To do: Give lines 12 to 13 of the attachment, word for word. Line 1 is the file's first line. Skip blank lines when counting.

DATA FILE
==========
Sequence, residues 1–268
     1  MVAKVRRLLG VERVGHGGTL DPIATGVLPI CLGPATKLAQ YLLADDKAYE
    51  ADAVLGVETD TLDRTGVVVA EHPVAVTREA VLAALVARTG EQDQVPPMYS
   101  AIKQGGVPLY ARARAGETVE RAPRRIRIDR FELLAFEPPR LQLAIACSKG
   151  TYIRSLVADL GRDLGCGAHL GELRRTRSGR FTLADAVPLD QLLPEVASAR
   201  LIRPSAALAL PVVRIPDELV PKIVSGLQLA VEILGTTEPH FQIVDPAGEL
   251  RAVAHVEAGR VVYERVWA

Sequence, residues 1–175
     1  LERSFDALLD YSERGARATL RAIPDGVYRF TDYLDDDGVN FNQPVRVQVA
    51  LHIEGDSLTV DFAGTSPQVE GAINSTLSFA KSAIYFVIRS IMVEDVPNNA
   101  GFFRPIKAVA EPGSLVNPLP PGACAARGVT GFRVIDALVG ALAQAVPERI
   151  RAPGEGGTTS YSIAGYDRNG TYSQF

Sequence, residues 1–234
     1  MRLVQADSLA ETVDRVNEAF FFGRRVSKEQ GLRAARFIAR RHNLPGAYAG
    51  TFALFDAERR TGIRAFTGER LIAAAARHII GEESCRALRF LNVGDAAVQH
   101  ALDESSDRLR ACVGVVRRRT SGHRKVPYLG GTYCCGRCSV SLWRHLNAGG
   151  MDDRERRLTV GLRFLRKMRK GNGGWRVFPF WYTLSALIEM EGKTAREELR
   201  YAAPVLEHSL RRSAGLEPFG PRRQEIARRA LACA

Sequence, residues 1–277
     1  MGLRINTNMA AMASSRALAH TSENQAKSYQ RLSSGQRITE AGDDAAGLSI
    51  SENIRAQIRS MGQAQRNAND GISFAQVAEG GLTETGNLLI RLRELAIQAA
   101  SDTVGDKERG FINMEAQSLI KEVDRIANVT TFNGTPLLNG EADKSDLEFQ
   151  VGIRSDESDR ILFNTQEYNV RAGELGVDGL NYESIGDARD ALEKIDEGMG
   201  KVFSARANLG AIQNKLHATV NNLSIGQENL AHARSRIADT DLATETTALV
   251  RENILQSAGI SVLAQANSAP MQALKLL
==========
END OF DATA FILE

   151  RAPGEGGTTS YSIAGYDRNG TYSQF

Sequence, residues 1–234